I’m in a small, gluten-free café in the hills of Los Angeles, waiting for my lunch dates to appear. Ever since the Weinsteins’ record-setting deal on Jacob Clifton and Gwyneth Paltrow’s co-production, I DON’T KNOW WHY SHE DOES IT, they’ve been impossible to track down.
Variety: “Jacob, you said you’ve been working on this script for a while?”
Clifton: “For a little while, yes. Of course, without Gwyneth onboard it never could have happened, so things actually ended up moving very quickly…”
Paltrow: “It’s been a breeze, really. Jacob is a dream to work with.”
Clifton: “Oh, Gwyneth. It is you who are the dream.”
Paltrow: “You just ‘get’ me. Do you know what I mean?”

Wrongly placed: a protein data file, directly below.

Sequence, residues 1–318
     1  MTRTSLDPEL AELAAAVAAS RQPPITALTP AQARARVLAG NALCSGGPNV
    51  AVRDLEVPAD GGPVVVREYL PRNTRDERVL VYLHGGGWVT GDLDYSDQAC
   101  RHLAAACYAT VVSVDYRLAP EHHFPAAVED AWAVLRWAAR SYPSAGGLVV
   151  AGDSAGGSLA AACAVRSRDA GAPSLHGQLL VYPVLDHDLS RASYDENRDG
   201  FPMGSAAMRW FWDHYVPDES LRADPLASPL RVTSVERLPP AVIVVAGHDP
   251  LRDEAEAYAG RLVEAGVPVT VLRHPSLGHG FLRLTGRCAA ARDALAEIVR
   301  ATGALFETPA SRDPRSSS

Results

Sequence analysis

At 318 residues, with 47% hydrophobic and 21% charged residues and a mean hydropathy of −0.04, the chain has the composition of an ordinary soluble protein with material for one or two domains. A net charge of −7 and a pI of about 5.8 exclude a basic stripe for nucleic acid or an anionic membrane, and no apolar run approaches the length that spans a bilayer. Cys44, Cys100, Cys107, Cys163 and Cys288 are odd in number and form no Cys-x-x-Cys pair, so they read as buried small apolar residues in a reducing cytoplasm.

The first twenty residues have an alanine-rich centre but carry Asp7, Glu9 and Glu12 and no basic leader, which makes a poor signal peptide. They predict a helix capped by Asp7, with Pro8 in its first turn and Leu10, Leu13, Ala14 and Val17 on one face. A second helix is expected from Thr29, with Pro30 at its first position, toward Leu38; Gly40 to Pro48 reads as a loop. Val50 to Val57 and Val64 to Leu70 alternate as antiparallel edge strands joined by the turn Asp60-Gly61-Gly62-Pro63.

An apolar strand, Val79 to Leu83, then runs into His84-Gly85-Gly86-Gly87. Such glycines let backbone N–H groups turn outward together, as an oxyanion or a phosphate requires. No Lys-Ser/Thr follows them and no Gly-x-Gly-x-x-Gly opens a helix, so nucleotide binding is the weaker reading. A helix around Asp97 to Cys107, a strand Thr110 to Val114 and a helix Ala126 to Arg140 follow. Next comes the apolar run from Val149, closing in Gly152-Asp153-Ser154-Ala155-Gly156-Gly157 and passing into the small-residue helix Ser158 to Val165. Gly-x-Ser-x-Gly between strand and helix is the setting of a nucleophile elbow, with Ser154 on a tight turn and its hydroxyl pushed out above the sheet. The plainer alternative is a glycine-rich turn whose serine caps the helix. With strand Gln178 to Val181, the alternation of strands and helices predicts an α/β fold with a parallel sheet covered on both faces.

Clifton: “I ‘get’ what you mean…”
I have no idea what either of them means.
At this last, said with an arched eyebrow, they laughdesperately, honkinglyclutching at one another like Dakota and Elle Fanning might, if they were children.
Variety: “Gwyneth, how would you describe your character?”
Paltrow: “Well, we said from the beginning that we wanted our characters to reflect us, and our process…”
Clifton: “But I mean, we’re not playing ourselves. Any more than usual, that is!”
Again with the laughing. It’s disconcerting. I wonder if either of them has ever had a friend before. I wonder if Claire Danes has any friends.
Paltrow: “I play an aspiring country musician who pays the bills by acting in blockbuster hits.”
Clifton: “Same, but I pay the bills with intellectual fraud.”
Paltrow: “Basically, the movie follows us through our lives as we make irritating choices.”